In 2018, Cocco canvassed to get Sinema elected, she said. Now, she’s bothered by the image of Sinema on the Senate floor doing a curtsy and giving a thumbs-down to legislation that would’ve raised the minimum wage in March. Cocco said it’s important for her to be able to provide better benefits to her employees, and the federal government in raising the minimum wage could’ve done that. 

“I believe as a small business owner that what is helpful to me is helpful to all in our society,” she said.  

In sticking with the current filibuster rules, Sinema is siding with the status quo that allows state legislatures like Arizona’s and governors like Gov. Doug Ducey to enact restrictions to the voting process.

“She is disappointing us in Arizona by not making sure that all the people who back her can continue to back her through voting,” Cocco said. “She’s not listening to us, she’s supposed to represent us. We put you in office, you are supposed to represent us.”

This year’s legislative session in Arizona saw a record number of proposals to restrict voting and to change the way people vote, many apparently inspired by the baseless election fraud claims and conspiracy theories that former President Donald Trump and many of his supporters have spread falsely claiming that the 2020 general election was rigged.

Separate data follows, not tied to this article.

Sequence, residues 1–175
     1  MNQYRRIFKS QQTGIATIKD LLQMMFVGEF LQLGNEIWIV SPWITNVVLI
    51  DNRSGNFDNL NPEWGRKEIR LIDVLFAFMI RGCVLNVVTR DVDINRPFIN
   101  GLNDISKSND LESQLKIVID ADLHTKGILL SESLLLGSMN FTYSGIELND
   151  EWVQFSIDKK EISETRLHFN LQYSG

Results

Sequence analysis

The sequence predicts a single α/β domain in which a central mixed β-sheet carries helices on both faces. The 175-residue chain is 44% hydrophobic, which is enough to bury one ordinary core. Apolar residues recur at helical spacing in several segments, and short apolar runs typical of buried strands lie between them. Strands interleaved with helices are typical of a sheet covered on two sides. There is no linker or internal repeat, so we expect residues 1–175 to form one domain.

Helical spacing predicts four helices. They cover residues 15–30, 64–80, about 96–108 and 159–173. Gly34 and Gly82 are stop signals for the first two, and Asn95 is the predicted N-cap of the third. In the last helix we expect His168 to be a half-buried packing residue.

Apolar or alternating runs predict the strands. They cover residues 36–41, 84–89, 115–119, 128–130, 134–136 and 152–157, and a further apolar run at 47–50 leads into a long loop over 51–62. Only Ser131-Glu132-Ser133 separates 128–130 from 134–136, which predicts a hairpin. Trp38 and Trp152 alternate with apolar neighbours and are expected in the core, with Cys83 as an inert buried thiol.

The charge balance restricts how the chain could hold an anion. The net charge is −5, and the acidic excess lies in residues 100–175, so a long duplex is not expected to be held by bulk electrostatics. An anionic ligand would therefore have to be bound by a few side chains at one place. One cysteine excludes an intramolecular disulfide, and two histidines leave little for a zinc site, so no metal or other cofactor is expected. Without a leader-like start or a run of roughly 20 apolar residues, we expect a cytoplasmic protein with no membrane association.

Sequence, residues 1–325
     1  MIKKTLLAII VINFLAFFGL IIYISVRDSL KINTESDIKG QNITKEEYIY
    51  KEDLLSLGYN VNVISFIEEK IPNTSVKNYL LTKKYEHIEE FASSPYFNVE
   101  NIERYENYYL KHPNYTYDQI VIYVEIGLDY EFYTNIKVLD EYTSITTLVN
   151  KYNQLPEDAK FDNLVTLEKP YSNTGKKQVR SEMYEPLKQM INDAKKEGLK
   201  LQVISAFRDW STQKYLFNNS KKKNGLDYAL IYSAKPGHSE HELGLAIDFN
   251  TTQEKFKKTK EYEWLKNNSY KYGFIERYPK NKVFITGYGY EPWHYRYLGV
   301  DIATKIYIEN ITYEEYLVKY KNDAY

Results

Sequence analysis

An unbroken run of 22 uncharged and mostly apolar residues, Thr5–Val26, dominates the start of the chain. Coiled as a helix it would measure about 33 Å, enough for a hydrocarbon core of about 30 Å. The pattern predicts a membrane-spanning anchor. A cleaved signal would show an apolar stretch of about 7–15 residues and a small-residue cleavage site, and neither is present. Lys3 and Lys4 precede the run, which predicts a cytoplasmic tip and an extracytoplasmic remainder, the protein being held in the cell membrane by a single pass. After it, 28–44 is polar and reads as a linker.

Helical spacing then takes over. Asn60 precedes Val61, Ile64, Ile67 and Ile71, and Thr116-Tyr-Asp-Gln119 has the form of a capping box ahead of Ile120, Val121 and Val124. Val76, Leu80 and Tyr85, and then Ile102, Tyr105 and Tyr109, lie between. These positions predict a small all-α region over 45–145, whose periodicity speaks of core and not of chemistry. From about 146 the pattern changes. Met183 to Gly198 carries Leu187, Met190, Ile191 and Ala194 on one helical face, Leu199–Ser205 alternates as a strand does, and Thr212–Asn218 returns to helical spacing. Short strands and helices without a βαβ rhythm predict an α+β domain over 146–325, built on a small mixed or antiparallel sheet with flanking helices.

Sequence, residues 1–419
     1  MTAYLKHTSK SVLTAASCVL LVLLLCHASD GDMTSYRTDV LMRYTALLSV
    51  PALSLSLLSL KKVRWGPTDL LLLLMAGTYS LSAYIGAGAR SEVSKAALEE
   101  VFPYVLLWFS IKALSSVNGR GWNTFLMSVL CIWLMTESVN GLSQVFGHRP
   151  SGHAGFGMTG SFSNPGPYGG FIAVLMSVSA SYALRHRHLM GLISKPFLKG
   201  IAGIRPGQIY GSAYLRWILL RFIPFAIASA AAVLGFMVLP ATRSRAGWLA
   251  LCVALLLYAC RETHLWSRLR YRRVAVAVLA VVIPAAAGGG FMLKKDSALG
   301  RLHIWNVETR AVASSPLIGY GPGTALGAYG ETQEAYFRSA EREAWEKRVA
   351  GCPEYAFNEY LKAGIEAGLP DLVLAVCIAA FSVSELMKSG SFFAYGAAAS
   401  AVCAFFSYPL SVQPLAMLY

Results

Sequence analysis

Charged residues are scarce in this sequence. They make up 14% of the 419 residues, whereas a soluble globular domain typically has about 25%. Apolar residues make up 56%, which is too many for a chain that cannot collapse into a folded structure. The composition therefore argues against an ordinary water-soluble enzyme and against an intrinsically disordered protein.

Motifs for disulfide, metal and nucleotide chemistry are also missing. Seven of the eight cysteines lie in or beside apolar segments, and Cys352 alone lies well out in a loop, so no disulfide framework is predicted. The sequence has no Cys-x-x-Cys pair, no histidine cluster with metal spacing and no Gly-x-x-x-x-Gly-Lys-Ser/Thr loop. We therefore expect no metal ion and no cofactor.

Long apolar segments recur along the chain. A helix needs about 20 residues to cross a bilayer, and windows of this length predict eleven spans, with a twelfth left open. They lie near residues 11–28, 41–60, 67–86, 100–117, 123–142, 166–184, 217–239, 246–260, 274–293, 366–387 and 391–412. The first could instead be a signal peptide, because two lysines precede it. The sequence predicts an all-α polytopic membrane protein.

While just a fraction of those were considered, legislators and Ducey enacted several changes, including purging the Permanent Early Voting List, and last-minute policy changes added to budget bills like a new law requiring counties that include anti-fraud security measures on their ballots to use features such as watermarks, holographic foil and specialized inks, and creating a new task force to determine whether social media platforms are unfairly hindering Republican candidates, and whether such alleged practices constitute unreported in-kind contributions.

Irma Lopez’s restaurant is about a mile north from the buildings where lawmakers passed these proposals. Lopez owns Irma’s Kitchen. She said she’s never felt so worried about her voting rights. With the Senate-backed audit fueled by conspiracies that has spent months reviewing nearly 2.1 million  ballots from Maricopa County voters, Lopez is unsure how her ballot and her vote are going to be treated in the next election.